Cisco Systems on Wednesday reported quarterly earnings and revenue that beat Wall Street expectations on strong demand for switching equipment and routers.
The network technology company posted earnings of 53 cents a share for its fiscal second quarter, up from 47 cents per share a year earlier. Revenue rose to $11.94 billion from $11.16 billion, a 7 percent increase.
Cisco shares were up nearly 5 percent in extended trading.
"In the quarter we grew revenues by 7 percent, with strong EPS growth, and saw the best balance of growth across all our geographies, products and segments," said John Chambers, Cisco chairman and CEO.
On the company's earnings call, Chambers said the results were its best in three years. He said that guidance for the fiscal third quarter was 51 cents to 53 cents per share, in line with Wall Street expectations.
Cisco also announced that it would issue a quarterly dividend of 21 cents per common share in April, up 2 cents from last quarter.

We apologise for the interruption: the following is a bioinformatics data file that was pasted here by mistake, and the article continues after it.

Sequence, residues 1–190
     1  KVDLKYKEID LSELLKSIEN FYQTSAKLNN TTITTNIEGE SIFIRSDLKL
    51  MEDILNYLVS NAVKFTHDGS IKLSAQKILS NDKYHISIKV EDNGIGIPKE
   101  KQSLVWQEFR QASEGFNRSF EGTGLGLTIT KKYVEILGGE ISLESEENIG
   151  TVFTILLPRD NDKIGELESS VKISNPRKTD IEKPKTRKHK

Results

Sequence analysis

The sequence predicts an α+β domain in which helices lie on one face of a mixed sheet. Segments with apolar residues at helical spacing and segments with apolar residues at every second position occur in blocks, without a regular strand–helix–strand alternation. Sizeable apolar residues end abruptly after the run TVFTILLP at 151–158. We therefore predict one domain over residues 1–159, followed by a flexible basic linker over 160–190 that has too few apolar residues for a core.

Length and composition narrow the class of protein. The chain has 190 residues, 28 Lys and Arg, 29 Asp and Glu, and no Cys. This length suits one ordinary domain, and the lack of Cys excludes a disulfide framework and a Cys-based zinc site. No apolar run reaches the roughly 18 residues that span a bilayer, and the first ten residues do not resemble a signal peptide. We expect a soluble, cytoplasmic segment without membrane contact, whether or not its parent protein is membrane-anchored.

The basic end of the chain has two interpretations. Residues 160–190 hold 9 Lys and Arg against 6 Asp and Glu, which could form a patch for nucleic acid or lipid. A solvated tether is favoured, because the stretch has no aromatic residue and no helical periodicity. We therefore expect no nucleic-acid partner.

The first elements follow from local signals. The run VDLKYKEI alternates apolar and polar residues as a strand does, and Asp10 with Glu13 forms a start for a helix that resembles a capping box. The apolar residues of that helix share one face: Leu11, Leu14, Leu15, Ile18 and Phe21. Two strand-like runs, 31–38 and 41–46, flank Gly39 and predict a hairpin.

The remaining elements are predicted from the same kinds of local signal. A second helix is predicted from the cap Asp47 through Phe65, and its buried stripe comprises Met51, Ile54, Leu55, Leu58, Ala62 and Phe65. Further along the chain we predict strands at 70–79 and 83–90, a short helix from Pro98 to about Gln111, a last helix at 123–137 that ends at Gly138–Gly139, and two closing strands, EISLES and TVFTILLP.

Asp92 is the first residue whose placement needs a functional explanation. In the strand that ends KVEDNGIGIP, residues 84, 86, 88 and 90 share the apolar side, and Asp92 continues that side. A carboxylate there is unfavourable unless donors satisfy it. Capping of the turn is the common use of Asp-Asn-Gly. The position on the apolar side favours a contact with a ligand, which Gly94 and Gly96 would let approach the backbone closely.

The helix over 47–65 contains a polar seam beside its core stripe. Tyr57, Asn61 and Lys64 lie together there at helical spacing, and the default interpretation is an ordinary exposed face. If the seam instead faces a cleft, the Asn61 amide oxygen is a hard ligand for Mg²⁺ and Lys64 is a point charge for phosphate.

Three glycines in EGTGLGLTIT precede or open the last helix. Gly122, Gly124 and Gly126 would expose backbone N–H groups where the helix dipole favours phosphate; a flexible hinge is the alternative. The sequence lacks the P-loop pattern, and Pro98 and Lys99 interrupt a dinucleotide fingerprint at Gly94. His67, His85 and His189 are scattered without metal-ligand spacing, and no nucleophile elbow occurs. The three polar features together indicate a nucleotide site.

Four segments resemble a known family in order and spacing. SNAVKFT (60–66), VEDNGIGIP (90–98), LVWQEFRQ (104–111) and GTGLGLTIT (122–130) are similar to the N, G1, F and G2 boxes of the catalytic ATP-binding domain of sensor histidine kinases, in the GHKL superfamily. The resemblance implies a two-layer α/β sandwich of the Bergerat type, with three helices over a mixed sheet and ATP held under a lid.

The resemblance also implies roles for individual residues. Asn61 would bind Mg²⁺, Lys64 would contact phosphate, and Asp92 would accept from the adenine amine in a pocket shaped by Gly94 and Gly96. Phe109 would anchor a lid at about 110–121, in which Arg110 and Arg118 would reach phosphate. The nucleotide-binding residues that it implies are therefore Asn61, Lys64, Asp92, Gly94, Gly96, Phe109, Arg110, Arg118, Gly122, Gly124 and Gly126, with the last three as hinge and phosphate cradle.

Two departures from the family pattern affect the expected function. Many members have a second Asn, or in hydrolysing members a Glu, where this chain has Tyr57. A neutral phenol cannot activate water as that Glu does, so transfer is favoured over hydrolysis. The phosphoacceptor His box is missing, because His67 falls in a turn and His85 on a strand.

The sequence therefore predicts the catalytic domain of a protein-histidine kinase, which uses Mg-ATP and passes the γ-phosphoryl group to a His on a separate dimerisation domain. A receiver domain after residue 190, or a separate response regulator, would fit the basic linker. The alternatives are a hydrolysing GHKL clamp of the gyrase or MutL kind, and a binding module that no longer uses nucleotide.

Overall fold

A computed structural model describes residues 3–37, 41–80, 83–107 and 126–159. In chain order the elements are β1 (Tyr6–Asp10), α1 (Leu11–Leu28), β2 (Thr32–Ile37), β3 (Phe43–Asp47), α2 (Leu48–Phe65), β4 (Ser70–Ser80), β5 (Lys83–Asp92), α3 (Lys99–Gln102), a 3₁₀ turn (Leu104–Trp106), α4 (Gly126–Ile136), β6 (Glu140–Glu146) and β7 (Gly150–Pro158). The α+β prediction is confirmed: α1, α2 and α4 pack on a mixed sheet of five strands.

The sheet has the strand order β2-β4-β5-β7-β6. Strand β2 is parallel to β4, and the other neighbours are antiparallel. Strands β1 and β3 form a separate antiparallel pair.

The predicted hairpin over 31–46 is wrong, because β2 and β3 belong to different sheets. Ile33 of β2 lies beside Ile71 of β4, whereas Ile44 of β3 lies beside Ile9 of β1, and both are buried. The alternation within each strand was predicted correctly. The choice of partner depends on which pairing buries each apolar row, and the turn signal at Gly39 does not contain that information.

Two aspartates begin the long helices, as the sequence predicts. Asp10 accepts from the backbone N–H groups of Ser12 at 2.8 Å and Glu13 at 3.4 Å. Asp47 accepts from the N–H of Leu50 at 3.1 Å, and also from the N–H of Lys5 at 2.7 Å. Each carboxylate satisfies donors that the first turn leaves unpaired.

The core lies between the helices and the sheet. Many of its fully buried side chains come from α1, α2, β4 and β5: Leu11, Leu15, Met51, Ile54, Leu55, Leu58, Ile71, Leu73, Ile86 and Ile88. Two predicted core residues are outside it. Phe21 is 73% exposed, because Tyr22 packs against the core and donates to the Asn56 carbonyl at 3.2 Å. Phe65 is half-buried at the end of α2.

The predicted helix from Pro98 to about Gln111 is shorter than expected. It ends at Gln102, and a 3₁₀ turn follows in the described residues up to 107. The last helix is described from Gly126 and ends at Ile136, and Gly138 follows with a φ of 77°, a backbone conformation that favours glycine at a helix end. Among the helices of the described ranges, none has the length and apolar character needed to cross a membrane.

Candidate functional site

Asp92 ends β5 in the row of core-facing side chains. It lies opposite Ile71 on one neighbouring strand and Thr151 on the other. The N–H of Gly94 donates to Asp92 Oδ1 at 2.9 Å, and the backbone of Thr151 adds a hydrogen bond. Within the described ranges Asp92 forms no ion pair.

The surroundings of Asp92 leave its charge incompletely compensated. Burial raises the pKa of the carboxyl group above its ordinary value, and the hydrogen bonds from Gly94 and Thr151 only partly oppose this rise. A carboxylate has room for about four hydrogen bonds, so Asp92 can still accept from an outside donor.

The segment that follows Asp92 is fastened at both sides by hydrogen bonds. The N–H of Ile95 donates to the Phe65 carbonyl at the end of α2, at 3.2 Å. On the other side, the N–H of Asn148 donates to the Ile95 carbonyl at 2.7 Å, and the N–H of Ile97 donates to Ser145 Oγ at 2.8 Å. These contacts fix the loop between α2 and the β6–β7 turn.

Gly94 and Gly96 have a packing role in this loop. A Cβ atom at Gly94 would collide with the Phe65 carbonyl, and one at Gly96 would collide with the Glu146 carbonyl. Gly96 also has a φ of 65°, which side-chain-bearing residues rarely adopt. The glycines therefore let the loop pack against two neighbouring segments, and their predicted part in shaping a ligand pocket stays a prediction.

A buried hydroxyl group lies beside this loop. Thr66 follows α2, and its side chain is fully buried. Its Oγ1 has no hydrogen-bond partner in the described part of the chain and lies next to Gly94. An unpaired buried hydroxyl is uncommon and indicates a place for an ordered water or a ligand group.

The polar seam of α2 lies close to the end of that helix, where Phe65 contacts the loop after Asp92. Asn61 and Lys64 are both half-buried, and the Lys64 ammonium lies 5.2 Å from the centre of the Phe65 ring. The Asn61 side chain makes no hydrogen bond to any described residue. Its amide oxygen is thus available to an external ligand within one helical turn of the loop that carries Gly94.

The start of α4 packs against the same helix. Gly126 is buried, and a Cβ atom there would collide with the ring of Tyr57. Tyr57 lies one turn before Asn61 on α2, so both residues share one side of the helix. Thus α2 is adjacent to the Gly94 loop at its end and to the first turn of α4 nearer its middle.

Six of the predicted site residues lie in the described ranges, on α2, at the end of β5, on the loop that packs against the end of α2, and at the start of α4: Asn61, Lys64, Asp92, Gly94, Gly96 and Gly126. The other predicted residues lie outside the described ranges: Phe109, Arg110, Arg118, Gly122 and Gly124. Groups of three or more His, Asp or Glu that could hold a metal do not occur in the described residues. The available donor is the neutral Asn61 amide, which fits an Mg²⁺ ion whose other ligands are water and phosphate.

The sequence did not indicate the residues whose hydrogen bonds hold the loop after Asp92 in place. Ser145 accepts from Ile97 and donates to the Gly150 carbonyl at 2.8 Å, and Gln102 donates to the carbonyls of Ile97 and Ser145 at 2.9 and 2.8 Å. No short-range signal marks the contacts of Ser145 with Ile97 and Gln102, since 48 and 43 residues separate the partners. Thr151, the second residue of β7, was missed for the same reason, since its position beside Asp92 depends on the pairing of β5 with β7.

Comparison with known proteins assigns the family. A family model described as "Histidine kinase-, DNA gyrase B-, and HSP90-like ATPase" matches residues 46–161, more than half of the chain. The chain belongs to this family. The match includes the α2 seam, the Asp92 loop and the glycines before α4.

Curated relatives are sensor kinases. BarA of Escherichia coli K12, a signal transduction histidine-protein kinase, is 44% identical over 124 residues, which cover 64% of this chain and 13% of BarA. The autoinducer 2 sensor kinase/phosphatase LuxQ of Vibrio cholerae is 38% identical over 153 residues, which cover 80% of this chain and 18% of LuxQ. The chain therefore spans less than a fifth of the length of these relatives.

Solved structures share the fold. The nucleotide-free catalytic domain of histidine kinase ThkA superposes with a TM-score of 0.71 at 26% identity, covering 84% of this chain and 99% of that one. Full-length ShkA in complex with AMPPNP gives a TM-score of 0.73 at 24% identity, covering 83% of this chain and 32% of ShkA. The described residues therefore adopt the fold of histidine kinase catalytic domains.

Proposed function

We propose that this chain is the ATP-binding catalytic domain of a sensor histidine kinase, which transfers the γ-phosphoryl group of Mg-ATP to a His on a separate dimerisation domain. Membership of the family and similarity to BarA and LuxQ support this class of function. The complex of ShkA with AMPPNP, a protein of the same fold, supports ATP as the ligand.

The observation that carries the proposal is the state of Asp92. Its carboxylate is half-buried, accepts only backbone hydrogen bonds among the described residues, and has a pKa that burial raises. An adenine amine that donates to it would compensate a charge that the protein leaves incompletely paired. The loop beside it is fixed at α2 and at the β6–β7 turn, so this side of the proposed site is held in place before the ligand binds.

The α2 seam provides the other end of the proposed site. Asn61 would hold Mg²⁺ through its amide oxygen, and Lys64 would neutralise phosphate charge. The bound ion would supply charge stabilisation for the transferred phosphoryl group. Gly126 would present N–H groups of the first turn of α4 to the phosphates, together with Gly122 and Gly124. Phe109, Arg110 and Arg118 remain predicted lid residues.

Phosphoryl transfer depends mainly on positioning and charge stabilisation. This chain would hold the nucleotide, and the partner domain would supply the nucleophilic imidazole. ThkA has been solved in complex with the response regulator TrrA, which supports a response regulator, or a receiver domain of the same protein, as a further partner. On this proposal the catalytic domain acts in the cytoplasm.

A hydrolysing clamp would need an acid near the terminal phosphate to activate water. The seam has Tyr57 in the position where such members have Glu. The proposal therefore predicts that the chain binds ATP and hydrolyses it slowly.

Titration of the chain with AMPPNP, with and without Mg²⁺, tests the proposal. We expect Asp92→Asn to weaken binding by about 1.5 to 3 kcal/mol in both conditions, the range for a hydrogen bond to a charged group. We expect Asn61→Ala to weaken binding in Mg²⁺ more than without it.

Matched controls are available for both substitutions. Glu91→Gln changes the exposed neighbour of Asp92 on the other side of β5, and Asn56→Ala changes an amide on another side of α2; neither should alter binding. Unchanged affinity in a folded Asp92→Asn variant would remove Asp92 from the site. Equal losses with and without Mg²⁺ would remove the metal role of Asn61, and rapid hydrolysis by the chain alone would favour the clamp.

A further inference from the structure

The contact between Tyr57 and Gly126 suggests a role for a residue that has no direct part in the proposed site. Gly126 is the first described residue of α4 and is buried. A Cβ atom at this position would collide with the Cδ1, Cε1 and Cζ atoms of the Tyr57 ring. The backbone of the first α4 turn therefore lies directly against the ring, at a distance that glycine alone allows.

Analysts had expected the company to post earnings of 51 cents per share on $11.8 billion in revenue, according to a consensus estimate from Thomson Reuters.
Chambers also touted 7 percent growth in the Europe, Middle East and Africa region, but added that sales in China were sluggish.
The company enjoyed strong order growth, particularly in enterprise, which jumped 10 percent, Chambers said.
Cisco shares have climbed about 20 percent in the last year, slightly outpacing a roughly 12 percent gain for the wider Dow. The network services company has faced its share of challenges in that span, though.
It has looked to overcome pressures on emerging market growth from factors like oil prices and currency fluctuations.
Cisco's profitability has fallen for five straight quarters and sales have been sluggish, CNBC reported in December. Wall Street expects about 3 percent revenue growth for the company's fiscal 2015.
Cisco has recently puts its weight behind the "Internet of Things" sphere. It unveiled two new networking products designed to help businesses adopt Internet of Things applications.
Last month, it also added Internet of Things start-ups to its in-house entrepreneurship program.
—CNBC's Ari Levy contributed to this report.